It was during university in Singapore that my concept of salad was completely uprooted. Coming from Vietnam, where salad is usually served as a side, I found my concept of the dish limited to a mixture of greens tossed in tangy dressing. But my job at a small bistro broadened my understanding of how different combination of proteins, grains, dressing, and crunchies could turn a salad into a substantial meal.
But when my best friend from Burma introduced me to her country’s cuisine, insisting that I try out their salad, my perception of the dish was again turned on its head. The first Burmese salad I tasted was sold in a small shop at the very end corner of Peninsula Plaza, a popular hangout place for Burmese residents in Singapore. The shop was divided into two sections: one for rice and the other for salad, always crowded with a long line of waiting customers.
My friend and I asked for the country’s iconic dish: lahpet thoke (lahpet: pickled tea leaves, thoke: salad). Tending the salad bar was a lady who moved with much agility in the tiny work space. She threw a handful of shredded cabbage, lahpet, tomato slices, fried beans, and a few spoonfuls of oil and fish sauce into an aluminium bowl that I doubted had been cleaned from the previous salad. Then, using a pair of yellowish plastic gloves, she squeezed one quarter of a lime, made a few tosses, and transferred the whole bowl onto a plastic plate, passed it to the cashier, and carried on with her next order. The finished dish looked like a slimy mass of overmixed leaves, scoring zero in the presentation department.
But it was different: All the ingredients were thoroughly coated with that pickled juice from the tea leaves, while the crunchy beans added texture. The taste was subtly bitter, sour, and salty. I came back to try more after that first encounter, each time less concerned about the color of the gloves or the state of the mixing bowl. My relationship with that slimy mass took off from there.
When I finally visited Burma for the first time in 2013, I was fascinated by, among other things, the versatility of the salads. You can find them on the table any time of the day. A typical meal might include a curry or gravy-based dish, some soup, boiled vegetables to dip in nga phi (fish paste), and a plant-based salad usually intended to lessen the heaviness from the curry. At the end of a meal, restaurants provide a lacquer vintage box that contains lahpet and fried beans for customers to serve themselves. As they sip tea and munch on lahpet thoke, the diners wrap up whatever thoughts were left over from their meal. Out on the street, it’s common to find food carts crowded with groups of people savoring salad while observing passing cars, chatting just about everything under the sun.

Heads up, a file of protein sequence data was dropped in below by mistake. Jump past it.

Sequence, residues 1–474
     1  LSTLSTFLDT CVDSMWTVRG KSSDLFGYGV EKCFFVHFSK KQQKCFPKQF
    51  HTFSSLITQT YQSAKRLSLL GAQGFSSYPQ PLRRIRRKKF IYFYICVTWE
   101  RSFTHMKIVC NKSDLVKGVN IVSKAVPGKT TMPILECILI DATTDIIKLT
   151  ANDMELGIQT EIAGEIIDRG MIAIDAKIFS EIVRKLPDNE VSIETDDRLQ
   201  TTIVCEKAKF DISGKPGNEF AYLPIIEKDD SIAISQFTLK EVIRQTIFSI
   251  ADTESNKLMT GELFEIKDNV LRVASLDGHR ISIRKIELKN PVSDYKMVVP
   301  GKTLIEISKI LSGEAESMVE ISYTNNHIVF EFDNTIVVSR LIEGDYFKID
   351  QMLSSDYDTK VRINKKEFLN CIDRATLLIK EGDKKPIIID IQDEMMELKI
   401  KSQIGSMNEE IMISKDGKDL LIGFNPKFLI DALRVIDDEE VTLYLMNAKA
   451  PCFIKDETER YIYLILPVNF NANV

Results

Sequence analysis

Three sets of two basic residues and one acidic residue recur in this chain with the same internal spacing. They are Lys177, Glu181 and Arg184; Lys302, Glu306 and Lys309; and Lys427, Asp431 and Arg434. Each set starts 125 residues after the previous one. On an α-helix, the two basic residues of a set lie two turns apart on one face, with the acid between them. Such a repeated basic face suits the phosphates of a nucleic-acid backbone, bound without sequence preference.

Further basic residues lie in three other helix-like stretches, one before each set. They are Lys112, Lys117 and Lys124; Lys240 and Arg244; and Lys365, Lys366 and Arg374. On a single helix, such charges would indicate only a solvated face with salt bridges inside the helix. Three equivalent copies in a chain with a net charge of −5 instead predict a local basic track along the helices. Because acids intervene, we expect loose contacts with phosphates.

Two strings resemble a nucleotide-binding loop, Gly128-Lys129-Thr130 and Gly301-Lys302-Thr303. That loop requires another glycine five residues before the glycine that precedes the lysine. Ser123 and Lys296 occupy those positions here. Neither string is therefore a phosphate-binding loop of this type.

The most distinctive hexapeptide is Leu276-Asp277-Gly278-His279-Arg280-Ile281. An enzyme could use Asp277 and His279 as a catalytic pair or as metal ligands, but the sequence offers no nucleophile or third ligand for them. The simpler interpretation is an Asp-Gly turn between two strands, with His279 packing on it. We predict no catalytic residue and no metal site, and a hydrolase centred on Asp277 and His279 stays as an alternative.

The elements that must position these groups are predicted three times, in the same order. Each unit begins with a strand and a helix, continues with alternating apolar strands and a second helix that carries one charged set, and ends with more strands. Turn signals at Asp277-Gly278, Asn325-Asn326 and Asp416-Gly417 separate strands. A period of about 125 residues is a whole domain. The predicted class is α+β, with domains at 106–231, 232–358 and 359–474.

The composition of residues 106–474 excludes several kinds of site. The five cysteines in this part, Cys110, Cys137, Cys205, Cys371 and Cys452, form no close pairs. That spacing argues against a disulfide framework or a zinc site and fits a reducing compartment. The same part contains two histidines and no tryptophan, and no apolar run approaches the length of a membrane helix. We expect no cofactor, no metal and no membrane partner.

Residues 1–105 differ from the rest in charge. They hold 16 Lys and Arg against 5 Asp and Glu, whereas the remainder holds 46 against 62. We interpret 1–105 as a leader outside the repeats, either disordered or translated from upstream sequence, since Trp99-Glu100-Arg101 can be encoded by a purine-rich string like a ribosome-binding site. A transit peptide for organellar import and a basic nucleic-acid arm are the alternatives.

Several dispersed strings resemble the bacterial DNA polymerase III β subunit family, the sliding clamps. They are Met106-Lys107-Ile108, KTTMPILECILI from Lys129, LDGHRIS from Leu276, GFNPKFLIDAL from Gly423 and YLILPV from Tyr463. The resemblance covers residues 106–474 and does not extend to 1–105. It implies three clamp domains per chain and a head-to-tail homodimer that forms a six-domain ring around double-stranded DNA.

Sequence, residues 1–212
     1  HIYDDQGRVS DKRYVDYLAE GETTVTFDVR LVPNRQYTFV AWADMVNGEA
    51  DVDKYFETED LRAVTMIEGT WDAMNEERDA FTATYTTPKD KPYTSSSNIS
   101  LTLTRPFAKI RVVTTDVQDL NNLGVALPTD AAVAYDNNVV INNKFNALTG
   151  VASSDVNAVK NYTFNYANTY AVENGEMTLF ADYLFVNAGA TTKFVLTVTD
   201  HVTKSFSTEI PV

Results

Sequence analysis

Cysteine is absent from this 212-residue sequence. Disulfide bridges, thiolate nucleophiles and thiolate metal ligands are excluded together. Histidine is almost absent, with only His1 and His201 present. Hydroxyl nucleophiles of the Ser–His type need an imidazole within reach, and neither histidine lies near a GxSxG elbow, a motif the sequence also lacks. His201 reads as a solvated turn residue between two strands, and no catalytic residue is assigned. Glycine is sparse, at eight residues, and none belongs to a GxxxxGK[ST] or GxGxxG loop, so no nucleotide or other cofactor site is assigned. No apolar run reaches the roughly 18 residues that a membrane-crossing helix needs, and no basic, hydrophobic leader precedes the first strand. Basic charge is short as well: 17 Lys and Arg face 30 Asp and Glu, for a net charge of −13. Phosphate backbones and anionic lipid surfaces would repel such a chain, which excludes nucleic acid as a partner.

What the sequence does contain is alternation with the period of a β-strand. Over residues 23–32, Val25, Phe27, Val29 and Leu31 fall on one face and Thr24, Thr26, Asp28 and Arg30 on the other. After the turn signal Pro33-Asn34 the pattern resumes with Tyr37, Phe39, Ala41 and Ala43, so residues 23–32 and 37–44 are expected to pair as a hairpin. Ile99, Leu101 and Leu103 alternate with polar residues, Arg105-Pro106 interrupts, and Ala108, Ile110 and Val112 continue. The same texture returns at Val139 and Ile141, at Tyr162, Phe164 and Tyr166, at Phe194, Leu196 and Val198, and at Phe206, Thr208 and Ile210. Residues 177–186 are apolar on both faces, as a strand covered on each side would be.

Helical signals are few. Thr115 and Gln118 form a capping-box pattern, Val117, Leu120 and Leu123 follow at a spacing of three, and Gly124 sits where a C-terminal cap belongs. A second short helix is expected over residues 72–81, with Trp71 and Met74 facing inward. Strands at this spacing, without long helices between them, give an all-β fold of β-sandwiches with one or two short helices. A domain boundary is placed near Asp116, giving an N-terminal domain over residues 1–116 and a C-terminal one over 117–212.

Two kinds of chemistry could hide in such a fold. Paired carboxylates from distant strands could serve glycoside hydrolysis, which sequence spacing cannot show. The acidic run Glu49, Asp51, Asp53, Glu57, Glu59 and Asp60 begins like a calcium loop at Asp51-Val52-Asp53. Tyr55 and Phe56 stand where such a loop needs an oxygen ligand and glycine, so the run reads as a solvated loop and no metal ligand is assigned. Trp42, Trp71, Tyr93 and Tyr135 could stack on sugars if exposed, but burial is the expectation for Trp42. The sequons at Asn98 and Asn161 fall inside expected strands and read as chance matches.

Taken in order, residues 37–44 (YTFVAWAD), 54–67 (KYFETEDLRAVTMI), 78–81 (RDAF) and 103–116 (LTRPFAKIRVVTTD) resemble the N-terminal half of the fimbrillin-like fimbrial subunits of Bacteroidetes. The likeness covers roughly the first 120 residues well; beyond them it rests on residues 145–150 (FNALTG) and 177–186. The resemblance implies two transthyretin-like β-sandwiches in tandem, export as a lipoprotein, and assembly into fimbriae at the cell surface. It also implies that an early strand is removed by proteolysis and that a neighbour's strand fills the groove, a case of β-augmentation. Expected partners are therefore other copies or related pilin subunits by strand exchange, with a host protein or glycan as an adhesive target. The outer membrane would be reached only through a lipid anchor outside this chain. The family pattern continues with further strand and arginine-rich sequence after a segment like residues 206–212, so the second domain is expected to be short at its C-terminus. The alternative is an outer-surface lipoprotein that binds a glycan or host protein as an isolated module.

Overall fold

While the most popular order is lahpet thoke, you can also find nga phe thoke (fish cake salad), khauk swe thoke (noodle salad), andgin thoke (ginger salad). But all are served as an epilogue to a meal or a snack, seldom as an individual dish. It's something that you eat with your friends, a catalyst that enriches your conversation.
After trying out an endless number of Burmese salads from my own kitchen, established restaurants, and roadside food stalls, I've come up with a structure for this versatile yet forgiving dish:
- The hero: pick one main ingredient, which will determine name of your salad, like lahpet, tofu, tomatoes, noodle, boiled pig head, fish cake, poached chicken, or even lime pulp
- The base: cabbage, lettuce, shallot
- Something pungent: shrimp paste, fish sauce, dried shrimp, coarsely ground dried shrimp
- Something crunchy: ground roasted peanut, assorted fried beans with sesame seeds, fried shallot
- And to seal all the flavors together: a squeeze of lime, a spoonful of peanut oil, and a good amount of tossing
You never have to worry about the ingredients not being fresh enough, since most of them can be stocked in the pantry. As long as you have a hero, you can make a salad. Unlike its Western counterparts, a Burmese salad does not boast vibrant greens. Sometimes, there's not even a single shade of green on the plate, and the closest thing to a vegetables is thin slices of raw shallot for cutting through the pungency of the fish sauce.
When I feel like snacking, I make myself a lahpet thoke with dried shrimp, chili flakes, and fried beans. Or I just completely replace the lahpet with tomato slices for a Burmese tomato salad—or at least a tomato salad with a Burmese flair. When I have more time, another combination that works well is fish cake and cucumber, which can be a wonderful side and a substantial, filling dish.
If you visit me out of the blue, I may not have cookies and milk or a bottle of wine, but I promise I will offer you salad, at which point you will feel nothing but admiration for my healthy lifestyle. But then, your heart may sink when I bring out a plate that contains fermented leaves and fried stuff.
But maybe Burmese don’t eat salads to be healthy. And maybe a Burmese salad does not epitomize “health” like its Western relatives. But a plate of Burmese salad is welcoming, warming, and unassuming, a plate over which our conversation begins.
- 200 grams cooked chicken (poached or roasted)
- 1/2 cup chopped cilantro leaves
- 2 hot chiles, like jalapeños, deseeded and thinly sliced
- 2 fresh shallots, thinly sliced
- 3 teaspoons lime juice
- 2 teaspoons fish sauce
- 1 teaspoon vegetable oil
- 2 tablespoons fried shallots
- Salt and pepper, to taste